Sometimes you may be ‘pooled’ to another college (which means that you will also have a set of interviews at another college). Some subjects pool every candidate so that they are interviewed by at least two colleges. Others don’t, and only certain students are pooled. Don’t overthink this. Being pooled does not necessarily mean anything about the strength of your performance in interview, but it may reflect that a college has a high number of applicants, and so they are ‘sharing’ their applicants with another college. It may be that all applicants are pooled. If you were being interviewed at college, you would get to meet the other candidates and you would know if all or some were being pooled. You’re in isolation with online interviews so don’t ruminate on anything since it’s impossible to know.  

What will I be asked?

What are you going to be asked? Take a look at the sample questions under the “Course Insider Info” page(email us on [email protected] if you need any assistance in finding these pages). There are plenty of actual interview questions there to practice with your teachers and your peers and even friends and family. The faculty pages often give advice too and you can find links to these on the relevant Course page. You will often be given a problem or some pre-reading before at least one of your interviews, so it is worth being prepared for that. With pre-reading, you will probably first be asked what you understood from the passage/poem/political cartoon/historical source etc. After that, the conversation will flow from there as the tutor asks you analytical questions about the piece.    

In your Oxbridge interview, you are also highly likely to be asked questions based on your Personal Statement, so re-read your PS. What would you ask you based on your PS? You might be asked what have you read recently and whilst you might have been reading an interesting but lightweight novel, we suggest that you talk about something subject related (unless your subject is English, but then make sure the novel is a little more highbrow). We will talk more about how to answer these questions next week. 

What else can I do to prepare?

One thing a lot of candidates really worry about it what to wear. In the long and distant past, everyone wore a suit and tried to look business like. This is not necessary at all. Wear what you’re comfortable in, although I suggest you draw the line at gym gear.  

What are the tutors looking for? What hacks are there to help you? We will discuss this in more detail next week when we discuss “How?”. Are you ready and excited about an academic discussion? That’s going to help as that is at the heart of a successful interview. The discussion is there to highlight your critical thinking skills, your intellectual ability and flexibility, your teachability and, crucially, your passion for the subject. Passion is key: no tutor wants to spend their time teaching students who aren’t really interested in their subject. Why would you when you’ve dedicated their career to a particular subject? They love their subject and they’re looking for others who share that love.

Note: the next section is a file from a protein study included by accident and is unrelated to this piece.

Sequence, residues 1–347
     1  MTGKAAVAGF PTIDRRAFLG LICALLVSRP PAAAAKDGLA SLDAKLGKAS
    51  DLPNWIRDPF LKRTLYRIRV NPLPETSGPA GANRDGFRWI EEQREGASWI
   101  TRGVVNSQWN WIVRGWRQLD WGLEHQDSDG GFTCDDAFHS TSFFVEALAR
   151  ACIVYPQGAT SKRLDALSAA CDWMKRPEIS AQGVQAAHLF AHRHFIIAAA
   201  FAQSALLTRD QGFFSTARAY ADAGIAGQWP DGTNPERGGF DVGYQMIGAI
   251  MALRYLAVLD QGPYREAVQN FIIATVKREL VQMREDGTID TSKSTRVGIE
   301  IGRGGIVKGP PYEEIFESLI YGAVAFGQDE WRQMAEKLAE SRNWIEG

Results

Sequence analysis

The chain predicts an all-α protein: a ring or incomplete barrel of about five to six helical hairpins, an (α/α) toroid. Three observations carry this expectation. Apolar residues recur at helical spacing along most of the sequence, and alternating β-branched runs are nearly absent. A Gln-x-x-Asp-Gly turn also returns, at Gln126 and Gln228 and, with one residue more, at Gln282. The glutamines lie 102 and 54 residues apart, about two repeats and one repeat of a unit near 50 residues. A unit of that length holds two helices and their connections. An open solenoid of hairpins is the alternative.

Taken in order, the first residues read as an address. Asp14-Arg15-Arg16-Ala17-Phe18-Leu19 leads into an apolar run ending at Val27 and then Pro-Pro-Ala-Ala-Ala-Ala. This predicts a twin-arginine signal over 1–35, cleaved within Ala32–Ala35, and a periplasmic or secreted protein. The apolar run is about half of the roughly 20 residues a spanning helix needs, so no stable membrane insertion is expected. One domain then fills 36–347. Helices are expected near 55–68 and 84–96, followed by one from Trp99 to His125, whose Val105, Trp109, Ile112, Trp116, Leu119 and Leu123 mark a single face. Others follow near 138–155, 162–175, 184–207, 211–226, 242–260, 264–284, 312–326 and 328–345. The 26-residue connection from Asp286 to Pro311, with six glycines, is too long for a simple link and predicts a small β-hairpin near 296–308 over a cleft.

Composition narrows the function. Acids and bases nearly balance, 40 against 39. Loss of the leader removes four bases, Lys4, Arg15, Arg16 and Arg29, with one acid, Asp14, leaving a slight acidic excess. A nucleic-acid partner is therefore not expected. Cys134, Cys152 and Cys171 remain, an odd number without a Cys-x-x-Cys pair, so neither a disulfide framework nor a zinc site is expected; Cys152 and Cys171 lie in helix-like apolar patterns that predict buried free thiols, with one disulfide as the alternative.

Good luck! We hope you get an interview.

Oxford University Tier 1 Subjects
  • Ancient and Modern History 
  • Archaeology and Anthropology 
  • Biology 
  • Biomedical Sciences 
  • Classical Archaeology and Ancient History 
  • Classics 
  • Classics and English 
  • Classics and Modern Languages 
  • Classics and Oriental Studies 
  • English and Modern Languages 
  • English Language and Literature 
  • European and Middle Eastern Languages 
  • Fine Art  
  • Geography 
  • History 
  • History and English 
  • History and Modern Languages 
  • History and Politics 
  • History of Art 
  • Human Sciences 
  • Law 
  • Law with Law Studies in Europe 
  • Materials Science 
  • Medicine 
  • Medicine (Graduate-entry) 
  • Modern Languages 
  • Modern Languages and Linguistics 
  • Oriental Studies 
  • Philosophy and Modern Languages 
  • Philosophy and Theology 
  • Psychology 
  • Religion and Oriental Studies 
  • Theology and Religion 
Oxford University Tier 2 Subjects
  • Biochemistry 
  • Economics and Management 
  • History and Economics 
  • Music 
  • Philosophy 
  • Politics and Economics 


Oxford University Tier 3 Subjects
  • Chemistry 
  • Computer Science 
  • Computer Science and Philosophy 
  • Earth Sciences 
  • Engineering 
  • Mathematics 
  • Mathematics and Computer Science 
  • Mathematics and Philosophy 
  • Mathematics and Statistics 
  • Physics 
  • Physics and Philosophy 

Oxbridge Interviews – When, Where and Who?

oxford university

You have applied, you’ve sent in all your documents and written work, you may have sat an entrance exam. Now you’re waiting to see if you’re going to be invited to an interview. You may well be dreading the invitation but hoping madly that you’ll get one (you’re not going to be successful without one, after all! The two universities do not offer a place to someone they have not interviewed).